The US Navy shared the pictured via its official website yesterday, saying it showed the USS Gabrielle Giffords conducting routine operations” near the Chinese vessel Hai Yang Di Zhi 4 Hao. In another photo released by the navy, a ship which apparently belongs to the Vietnamese coastguard can be seen along with the Giffords and the Hai Yang 4.
Last month, the Chinese ship sailed into waters in Vietnam’s exclusive economic zone (EEZ) in what was widely perceived to be an attempt to deter Hanoi from exploring for oil with international partners off the country’s southeastern coast.
The ship left on June 20, but vessel tracking software seen by US-funded website Radio Free Asia indicated on Tuesday the Hai Yang 4 was roughly 205 nautical miles (330 km) from Vietnam’s coast on Tuesday.
The move is highly significant because the Chinese ship in question is the sister ship of the Hai Yang Di Zhi 8 Hao, which Beijing likewise ordered into waters within Malaysia’s EEZ, accompanied by six China Coast Guard vessels, in April.
The pictures shows the USS Gabrielle Giffords close to the Hai Yang Di Zhi 4
USS Gabrielle Giffords pulls alongside USNS Carl Brashear in the South China Sea for refuelling
The ship performed a survey close to a Malaysian-contracted drillship called the West Capella, which was exploring for oil there.
The West Capella suspended operations on May 12, earlier than scheduled, and the Hai Yang 8 left shortly afterwards.
On that occasion Admiral John Aquilino, commander of the United States Pacific Fleet, said: “The Chinese Communist Party must end its pattern of bullying Southeast Asians out of offshore oil, gas, and fisheries.
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The Hai Yang Di Zhi 8 Hao pictured earlier this year
“Millions of people in the region depend on those resources for their livelihood.”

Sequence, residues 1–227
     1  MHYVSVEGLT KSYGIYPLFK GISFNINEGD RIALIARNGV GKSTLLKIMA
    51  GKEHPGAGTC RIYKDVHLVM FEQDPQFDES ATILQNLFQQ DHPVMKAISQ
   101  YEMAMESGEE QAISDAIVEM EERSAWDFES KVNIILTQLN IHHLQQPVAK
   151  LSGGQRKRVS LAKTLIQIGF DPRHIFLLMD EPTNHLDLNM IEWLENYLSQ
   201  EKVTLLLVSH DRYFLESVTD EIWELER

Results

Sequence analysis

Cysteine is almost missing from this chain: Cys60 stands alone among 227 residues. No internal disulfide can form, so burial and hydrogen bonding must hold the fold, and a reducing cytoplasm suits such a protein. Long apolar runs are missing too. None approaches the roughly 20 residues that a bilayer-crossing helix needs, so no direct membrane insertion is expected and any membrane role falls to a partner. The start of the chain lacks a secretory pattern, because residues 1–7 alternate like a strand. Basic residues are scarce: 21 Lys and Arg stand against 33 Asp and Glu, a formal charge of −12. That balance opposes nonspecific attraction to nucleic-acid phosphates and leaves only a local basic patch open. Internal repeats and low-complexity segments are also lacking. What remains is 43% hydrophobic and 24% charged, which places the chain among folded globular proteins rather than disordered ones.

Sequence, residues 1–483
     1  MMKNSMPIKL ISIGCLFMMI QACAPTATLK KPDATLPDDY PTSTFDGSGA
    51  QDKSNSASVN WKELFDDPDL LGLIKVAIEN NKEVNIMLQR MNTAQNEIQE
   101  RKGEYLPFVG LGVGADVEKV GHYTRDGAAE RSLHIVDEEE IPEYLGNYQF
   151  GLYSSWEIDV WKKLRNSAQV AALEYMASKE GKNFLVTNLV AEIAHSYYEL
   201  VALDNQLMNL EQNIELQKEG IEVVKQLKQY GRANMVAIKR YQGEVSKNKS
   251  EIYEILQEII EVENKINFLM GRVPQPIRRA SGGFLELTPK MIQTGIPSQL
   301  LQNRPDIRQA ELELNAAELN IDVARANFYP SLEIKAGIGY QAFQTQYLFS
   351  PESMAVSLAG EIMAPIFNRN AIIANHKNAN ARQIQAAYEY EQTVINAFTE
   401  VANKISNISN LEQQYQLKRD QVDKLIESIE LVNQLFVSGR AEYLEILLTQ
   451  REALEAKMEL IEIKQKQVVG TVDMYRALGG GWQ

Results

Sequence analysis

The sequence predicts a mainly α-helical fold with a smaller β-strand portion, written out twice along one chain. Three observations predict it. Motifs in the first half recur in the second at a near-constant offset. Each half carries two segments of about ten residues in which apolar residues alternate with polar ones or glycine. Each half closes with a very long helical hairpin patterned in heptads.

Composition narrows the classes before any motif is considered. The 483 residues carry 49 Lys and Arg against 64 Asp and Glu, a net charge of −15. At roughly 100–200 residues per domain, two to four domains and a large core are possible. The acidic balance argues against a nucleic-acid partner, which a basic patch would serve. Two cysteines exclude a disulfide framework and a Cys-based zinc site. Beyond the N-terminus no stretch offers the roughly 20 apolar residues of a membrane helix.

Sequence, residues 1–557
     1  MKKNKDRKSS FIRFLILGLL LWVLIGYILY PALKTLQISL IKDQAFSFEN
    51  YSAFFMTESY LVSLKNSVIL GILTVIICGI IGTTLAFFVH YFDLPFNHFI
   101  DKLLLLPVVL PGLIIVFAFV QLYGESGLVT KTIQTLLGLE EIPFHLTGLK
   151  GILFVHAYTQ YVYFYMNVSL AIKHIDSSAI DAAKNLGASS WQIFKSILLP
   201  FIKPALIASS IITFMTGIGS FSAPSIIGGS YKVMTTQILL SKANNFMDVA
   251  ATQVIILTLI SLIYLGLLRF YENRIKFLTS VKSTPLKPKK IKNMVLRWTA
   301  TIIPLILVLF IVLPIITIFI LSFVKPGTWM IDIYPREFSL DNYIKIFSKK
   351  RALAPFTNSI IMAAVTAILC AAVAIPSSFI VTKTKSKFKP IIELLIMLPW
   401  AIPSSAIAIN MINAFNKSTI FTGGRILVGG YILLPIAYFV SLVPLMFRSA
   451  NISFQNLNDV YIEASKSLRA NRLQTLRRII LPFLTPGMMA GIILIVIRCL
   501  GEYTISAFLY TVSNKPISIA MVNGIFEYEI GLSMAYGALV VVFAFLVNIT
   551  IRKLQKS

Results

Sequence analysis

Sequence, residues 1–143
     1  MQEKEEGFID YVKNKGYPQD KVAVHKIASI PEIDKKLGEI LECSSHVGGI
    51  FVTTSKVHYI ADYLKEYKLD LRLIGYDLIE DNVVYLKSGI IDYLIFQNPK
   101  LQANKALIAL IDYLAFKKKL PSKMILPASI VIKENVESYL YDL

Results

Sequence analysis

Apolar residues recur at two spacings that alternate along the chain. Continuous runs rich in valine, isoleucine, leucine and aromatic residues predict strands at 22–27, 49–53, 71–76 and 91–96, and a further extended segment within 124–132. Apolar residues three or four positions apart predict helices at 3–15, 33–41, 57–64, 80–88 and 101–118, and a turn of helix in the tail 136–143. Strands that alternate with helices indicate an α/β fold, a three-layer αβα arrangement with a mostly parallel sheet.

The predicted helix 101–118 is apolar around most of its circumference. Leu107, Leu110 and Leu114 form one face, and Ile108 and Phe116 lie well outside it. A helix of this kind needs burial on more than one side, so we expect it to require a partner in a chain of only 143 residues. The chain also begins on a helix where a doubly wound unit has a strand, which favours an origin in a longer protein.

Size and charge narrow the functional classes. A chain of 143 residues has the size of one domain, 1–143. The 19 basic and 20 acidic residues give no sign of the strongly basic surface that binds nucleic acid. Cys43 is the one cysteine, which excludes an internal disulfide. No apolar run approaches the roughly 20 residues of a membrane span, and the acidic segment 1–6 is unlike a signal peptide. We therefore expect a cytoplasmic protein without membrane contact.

China claims 90 percent of the potentially energy-rich South China Sea, but Brunei, Malaysia, the Philippines, Taiwan and Vietnam also lay claim to parts of it, through which about £2.4 trillion of trade passes each year.
The US Defense Department yesterday voiced concern about China holding military exercises in the disputed waters close to the Paracel Islands, which are claimed by both Vietnam and China.
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Xi Jinping, China’s President
A fortified Chinese island in the Paracels
A statement warned: “Conducting military exercises over disputed territory in the South China Sea is counterproductive to efforts at easing tensions and maintaining stability.
“The military exercises are the latest in a long string of PRC actions to assert unlawful maritime claims and disadvantage its Southeast Asian neighbours in the South China Sea.”
Chinese foreign ministry spokesman Zhao Lijian, asked about the Pentagon’s comments during a daily briefing in Beijing, said the military exercises are within the scope of China’s sovereignty and said that certain “non-regional countries” conducting military exercises in the South China Sea are affecting the region’s stability.
Key areas in the South China Sea
Zhao did not name any countries, but the United States has conducted multiple freedom of navigation operations by sending its warships through the area to assert the freedom of access to international waterways.
Speaking during an online news conference in April, Gregory Poling, director of the Asia Maritime Transparency Initiative in Washington, told the Foreign Correspondents Association of the Philippines: “What is pretty obvious is China’s not going to stop.
“If a global pandemic doesn’t cause China to calm things down in the South China Sea, there’s not much that will.
China claims sovereignty of 90 percent of the South China Sea
“The number one thing that we should think to look into is international economic sanctions.
“We have never had a discussion about sanctioning the actors behind the Chinese maritime militia.
“China admits it has a maritime militia, and it’s a clear violation of international law.
“They are operating on the same policy framework which is go out, assert rights, harass neighbours, do whatever you want.”